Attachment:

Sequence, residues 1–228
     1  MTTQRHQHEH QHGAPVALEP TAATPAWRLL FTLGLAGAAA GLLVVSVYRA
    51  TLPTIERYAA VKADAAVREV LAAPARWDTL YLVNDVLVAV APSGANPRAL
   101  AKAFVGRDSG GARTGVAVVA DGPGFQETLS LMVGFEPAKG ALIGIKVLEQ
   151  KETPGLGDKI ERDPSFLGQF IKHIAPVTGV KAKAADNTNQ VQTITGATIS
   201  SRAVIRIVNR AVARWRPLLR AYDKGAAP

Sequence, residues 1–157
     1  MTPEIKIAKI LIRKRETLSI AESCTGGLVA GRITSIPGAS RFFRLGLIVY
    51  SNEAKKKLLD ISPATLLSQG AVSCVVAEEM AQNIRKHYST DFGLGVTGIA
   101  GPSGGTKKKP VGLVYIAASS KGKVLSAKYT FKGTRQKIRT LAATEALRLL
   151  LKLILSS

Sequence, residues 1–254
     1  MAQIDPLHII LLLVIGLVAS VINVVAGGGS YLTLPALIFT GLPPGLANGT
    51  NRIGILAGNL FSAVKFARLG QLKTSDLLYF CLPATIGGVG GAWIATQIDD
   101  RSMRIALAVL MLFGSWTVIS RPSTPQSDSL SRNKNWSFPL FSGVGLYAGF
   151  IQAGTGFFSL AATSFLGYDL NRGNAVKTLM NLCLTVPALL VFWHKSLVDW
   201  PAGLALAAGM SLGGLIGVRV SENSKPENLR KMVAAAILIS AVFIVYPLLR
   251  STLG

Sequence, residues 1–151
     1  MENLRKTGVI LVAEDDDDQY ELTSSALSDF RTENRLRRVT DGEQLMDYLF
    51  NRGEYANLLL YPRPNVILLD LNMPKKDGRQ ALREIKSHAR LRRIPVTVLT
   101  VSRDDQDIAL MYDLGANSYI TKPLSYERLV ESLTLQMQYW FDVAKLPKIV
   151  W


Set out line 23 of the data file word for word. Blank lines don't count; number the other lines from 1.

   151  W